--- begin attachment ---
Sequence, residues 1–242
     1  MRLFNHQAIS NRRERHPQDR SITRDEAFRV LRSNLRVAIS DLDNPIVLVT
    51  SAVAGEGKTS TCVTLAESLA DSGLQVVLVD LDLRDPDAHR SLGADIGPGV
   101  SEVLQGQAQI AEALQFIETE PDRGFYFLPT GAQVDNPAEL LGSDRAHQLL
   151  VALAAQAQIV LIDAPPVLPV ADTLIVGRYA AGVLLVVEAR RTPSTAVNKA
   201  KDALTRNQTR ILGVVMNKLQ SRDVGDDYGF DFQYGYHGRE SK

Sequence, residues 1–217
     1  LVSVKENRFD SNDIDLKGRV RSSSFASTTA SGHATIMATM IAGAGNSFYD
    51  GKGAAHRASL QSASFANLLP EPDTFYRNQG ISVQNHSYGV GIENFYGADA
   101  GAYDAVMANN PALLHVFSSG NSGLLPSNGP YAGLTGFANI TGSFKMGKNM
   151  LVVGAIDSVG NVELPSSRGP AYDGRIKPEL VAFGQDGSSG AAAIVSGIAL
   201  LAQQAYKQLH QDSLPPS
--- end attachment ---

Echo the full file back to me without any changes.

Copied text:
Sequence, residues 1–242
     1  MRLFNHQAIS NRRERHPQDR SITRDEAFRV LRSNLRVAIS DLDNPIVLVT
    51  SAVAGEGKTS TCVTLAESLA DSGLQVVLVD LDLRDPDAHR SLGADIGPGV
   101  SEVLQGQAQI AEALQFIETE PDRGFYFLPT GAQVDNPAEL LGSDRAHQLL
   151  VALAAQAQIV LIDAPPVLPV ADTLIVGRYA AGVLLVVEAR RTPSTAVNKA
   201  KDALTRNQTR ILGVVMNKLQ SRDVGDDYGF DFQYGYHGRE SK

Sequence, residues 1–217
     1  LVSVKENRFD SNDIDLKGRV RSSSFASTTA SGHATIMATM IAGAGNSFYD
    51  GKGAAHRASL QSASFANLLP EPDTFYRNQG ISVQNHSYGV GIENFYGADA
   101  GAYDAVMANN PALLHVFSSG NSGLLPSNGP YAGLTGFANI TGSFKMGKNM
   151  LVVGAIDSVG NVELPSSRGP AYDGRIKPEL VAFGQDGSSG AAAIVSGIAL
   201  LAQQAYKQLH QDSLPPS